Cameron says that as a Union, they have been “held to ransom” over the past number of years due to fees, course outlines and course coordinators, and that there a strict parameters set by the college over what an education actually entails.
“We need to give the ownership back to students. They are the ones who are paying for it, they should have a say in what goes on in their course.”
Exam reform is an area Cameron promises to tackle if he is elected. “There is absolutely no reason why the University can’t commit to a day in semester one and two where all exam results come out. We are adding to a student’s stress with regards to work, applying to Masters, or whether they will continue their studies.”
“We need to have exam timetables released well in advance. This is for the students who have to work, book flights home, commute or if they have caring responsibilities.”
Cameron says that releasing more information about exams would also help students, such as seat numbers, and the general exam process. “First years just get here and then suddenly they are told they need to get out to Galway Bay in Salthill. It is very daunting.”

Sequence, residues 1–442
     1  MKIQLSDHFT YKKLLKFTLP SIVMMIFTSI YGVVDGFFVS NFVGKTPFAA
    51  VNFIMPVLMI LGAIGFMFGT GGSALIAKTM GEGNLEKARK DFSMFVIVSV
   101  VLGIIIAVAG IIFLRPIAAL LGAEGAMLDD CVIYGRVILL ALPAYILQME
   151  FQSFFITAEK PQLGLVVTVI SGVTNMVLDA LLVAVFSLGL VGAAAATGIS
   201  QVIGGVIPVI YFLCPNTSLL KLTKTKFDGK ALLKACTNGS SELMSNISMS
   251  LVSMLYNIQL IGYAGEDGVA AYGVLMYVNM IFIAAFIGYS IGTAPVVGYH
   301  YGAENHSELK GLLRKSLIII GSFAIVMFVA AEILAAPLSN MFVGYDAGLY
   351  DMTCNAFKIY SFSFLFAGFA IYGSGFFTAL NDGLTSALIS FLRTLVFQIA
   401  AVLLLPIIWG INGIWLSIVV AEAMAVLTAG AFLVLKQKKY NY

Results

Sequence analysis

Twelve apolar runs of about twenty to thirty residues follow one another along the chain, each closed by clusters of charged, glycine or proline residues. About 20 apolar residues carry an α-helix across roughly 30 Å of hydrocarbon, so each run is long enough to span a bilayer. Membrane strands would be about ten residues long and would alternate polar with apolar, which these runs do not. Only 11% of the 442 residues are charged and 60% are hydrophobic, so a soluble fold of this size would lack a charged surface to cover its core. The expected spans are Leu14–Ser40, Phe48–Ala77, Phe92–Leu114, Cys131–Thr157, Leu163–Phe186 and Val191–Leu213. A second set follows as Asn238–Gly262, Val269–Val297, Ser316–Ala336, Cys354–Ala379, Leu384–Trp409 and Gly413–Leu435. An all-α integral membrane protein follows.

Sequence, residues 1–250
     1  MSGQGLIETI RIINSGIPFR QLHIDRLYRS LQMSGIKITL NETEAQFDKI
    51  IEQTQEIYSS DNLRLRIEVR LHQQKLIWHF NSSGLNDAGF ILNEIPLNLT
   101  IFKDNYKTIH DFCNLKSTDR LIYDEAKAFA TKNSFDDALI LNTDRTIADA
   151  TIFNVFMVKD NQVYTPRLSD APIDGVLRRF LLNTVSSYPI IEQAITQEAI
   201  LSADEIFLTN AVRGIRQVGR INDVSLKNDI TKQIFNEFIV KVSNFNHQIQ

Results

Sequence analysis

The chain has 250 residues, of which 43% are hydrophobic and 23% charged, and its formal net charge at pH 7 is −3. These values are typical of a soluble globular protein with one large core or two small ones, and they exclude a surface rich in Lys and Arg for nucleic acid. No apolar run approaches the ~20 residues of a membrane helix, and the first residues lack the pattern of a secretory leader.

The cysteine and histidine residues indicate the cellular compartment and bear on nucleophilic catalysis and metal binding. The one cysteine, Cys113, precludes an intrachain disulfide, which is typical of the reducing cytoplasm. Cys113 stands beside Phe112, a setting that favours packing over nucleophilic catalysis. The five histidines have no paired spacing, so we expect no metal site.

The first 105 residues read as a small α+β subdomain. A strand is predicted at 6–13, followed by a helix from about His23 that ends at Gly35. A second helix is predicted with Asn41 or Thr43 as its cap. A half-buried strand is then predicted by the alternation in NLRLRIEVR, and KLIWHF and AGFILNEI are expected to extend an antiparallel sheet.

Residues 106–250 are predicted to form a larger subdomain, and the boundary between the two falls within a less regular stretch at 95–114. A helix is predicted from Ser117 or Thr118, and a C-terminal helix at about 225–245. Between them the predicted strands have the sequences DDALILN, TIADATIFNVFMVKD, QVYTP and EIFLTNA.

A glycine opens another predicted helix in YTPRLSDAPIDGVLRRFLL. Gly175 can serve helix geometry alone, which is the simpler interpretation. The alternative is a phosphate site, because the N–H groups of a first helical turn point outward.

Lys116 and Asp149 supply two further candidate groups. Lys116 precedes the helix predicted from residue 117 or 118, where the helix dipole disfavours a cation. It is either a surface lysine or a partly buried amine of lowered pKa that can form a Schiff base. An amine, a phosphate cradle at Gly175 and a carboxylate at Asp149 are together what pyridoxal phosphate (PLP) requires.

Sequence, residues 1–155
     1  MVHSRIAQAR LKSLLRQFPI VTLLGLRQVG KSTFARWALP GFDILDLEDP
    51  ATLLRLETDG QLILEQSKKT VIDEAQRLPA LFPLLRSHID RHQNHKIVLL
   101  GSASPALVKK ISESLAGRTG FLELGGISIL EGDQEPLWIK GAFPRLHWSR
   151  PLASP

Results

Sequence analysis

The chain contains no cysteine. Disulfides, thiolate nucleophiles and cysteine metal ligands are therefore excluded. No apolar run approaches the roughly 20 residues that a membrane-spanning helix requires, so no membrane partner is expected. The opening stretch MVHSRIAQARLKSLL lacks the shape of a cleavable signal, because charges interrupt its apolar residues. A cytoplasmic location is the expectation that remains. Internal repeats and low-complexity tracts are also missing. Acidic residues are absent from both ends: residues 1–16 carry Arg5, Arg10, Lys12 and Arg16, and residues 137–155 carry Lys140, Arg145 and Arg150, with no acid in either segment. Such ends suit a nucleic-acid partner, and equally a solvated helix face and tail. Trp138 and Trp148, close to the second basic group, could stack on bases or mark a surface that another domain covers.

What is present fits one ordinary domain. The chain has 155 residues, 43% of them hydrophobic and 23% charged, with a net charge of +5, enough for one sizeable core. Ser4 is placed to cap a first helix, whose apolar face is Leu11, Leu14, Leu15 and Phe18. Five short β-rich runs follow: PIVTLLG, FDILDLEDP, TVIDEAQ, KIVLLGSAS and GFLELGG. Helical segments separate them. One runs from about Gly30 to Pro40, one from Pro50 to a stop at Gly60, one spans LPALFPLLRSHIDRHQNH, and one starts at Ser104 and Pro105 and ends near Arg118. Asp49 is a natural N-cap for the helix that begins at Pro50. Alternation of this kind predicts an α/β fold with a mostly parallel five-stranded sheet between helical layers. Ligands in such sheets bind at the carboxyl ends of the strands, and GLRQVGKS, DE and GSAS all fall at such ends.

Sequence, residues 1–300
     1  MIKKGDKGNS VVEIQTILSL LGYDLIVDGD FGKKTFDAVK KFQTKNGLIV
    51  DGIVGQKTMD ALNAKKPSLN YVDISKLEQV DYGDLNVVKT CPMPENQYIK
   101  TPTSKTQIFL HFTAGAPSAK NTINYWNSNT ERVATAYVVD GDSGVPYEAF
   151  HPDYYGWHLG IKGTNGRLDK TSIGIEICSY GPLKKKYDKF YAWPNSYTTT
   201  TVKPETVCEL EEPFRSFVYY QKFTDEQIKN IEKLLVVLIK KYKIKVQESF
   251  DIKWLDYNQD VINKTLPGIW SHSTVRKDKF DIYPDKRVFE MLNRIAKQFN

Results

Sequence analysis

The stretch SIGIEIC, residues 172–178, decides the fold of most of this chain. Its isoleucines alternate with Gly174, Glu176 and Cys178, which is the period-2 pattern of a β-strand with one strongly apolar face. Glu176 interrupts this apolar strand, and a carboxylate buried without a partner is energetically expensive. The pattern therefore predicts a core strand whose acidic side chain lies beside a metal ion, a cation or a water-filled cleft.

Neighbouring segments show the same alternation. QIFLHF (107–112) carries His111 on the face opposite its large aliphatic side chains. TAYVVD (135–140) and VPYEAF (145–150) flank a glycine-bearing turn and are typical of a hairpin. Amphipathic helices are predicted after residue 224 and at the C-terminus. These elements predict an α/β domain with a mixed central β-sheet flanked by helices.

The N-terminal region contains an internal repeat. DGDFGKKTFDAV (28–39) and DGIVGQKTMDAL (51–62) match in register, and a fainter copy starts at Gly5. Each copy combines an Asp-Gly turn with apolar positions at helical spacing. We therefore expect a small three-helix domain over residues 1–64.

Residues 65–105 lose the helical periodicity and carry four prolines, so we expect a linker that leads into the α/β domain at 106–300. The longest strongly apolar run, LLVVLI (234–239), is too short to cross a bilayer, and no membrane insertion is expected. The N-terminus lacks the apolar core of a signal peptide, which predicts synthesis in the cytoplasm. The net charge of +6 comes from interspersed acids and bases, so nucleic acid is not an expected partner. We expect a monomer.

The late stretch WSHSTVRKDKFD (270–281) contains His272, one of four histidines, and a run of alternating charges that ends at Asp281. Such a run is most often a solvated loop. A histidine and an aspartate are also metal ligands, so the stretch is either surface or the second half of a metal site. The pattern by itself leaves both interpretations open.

He would also like to see a restructuring of the repeat fee for exams. “I want to see a fee per exam with a cap at €150. Also we need to highlight that if a student defers an exam, and if they then fail a subsequent exam, they do not pay the repeat fee. It is waived at that point.”
He also wants to see the abolition of two exams happening in one day, but Cameron is wary of having exams on a Saturday because some students have to work or care for others.
“It is not fair to expect students to seamlessly transition from one exam to another, they are exhausted… it is a bad thing in this University that we have students being fearful of having a bad exam timetable.”